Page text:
It's during those cold winter months that Combs relies even more on her employees to look after the animals. "It's very therapeutic for them, and in some cases, it's their first opportunity to really care for a living creature," she says.
Some of the tri-county's produce stands are blink-and-you'll-miss-'em small. Lorraine Catterton has been selling produce at her daughter Candi's stand in Owings for at least 10 years, but at age 81, she refuses to promise that she'll be back next year. "We just do the summer vegetables, and when they're gone, so am I," she says.
Some stands sell into the fall, while others boast permanent open-year-round structures like Chesapeake's Bounty in St. Leonard. Some spring-up like mushrooms after a summer rain, setting up in a vacant lot on a busy corner when the fields have been blessed with overabundance. Some stands are strictly cash-and-carry, while others take credit cards. Some even accept SNAP cards so people on public assistance can partake in the local bounty. A few operate on the honor system and keep a small, locked drop box for after-hours purchases.
One not-so-secret secret: Almost all the roadside stands supplement their offerings with produce and items from other vendors, whether from other local farmers, crafters, or packaged goods from out-of-state companies.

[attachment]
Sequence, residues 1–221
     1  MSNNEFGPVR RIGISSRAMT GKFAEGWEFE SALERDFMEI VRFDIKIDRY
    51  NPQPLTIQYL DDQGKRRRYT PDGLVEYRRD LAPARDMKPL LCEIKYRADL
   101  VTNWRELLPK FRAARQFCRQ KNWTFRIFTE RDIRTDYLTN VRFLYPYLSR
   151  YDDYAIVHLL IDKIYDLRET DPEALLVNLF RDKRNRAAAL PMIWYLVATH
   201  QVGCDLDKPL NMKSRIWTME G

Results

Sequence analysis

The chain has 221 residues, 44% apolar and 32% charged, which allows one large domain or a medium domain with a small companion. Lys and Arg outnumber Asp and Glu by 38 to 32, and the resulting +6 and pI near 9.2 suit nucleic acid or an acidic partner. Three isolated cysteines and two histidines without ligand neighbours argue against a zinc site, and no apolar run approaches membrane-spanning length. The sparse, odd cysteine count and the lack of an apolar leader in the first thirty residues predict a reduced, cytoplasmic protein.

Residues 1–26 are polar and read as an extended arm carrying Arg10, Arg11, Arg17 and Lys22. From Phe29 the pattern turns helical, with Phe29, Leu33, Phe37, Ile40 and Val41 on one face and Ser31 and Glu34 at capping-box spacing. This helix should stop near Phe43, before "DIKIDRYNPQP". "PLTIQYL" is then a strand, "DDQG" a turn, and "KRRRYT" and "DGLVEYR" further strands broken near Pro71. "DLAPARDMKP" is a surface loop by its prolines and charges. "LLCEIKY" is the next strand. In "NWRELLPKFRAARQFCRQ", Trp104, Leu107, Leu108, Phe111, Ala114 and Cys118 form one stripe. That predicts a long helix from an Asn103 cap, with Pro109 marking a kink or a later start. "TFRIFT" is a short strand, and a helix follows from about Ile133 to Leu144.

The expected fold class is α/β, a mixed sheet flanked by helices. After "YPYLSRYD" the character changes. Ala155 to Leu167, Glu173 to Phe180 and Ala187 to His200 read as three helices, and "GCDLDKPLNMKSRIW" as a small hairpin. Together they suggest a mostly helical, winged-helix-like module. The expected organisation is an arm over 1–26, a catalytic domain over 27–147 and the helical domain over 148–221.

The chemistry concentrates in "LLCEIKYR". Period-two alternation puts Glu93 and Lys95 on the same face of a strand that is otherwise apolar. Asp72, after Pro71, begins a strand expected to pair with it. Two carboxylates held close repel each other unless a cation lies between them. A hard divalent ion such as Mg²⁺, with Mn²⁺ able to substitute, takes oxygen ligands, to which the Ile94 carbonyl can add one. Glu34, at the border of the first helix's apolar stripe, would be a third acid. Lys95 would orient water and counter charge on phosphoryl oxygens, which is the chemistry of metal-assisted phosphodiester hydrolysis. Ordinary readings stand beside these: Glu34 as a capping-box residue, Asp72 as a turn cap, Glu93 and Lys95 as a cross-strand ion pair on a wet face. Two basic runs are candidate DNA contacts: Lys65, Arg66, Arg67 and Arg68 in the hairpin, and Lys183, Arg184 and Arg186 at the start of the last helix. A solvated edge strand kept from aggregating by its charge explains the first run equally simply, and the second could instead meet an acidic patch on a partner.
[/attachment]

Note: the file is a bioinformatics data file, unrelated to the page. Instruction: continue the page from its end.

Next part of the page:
In the United States, food travels an average of 1,500 miles from farm to consumer, according to research by Rich Pirog, associate director of the Leopold Center for Sustainable Agriculture at Iowa State University. The conventional food distribution system uses four to 17 times more fuel and emits five to 17 times more carbon dioxide than local and statewide systems. Most fresh fruits and vegetables produced in the United States are grown in California, Florida and Washington. They can spend seven to 14 days in transit before they reach your supermarket, Foodroutes.org reports. By contrast, most Southern Maryland growers pick their crops in the early morning and have them roadside just a few miles away by 9 a.m. or 10 a.m.
Jacob Sunderland at Linda's Plants and Produce stand, at the corner of Broomes Island Road and Route 4 in Port Republic, says it's par for the course for his family to be in the fields by 5 a.m. to pick the day's bounty. The family sells seasonal fruits and vegetables and cut flowers that are grown four miles from the produce stand.
Green Things Farm Fresh Produce on Berry Road in Waldorf used to have a rooster named the General who knew how to draw a crowd. Owner Bob Hamilton taught him to crow on command and Wendy Rieger from Channel 4 News did a segment on him. Now the General's son, Loner, inherited the job, but Loner seems afraid of his own shadow and stays out of the spotlight.
Hamilton has been in business at this location for 40 years, but he doubts any of his three grown sons will ever take over his business. "When I go, the sale sign will go up, but not as long as I'm living," he says. "It's rewarding. You feel good inside, but your bank account doesn't grow too big.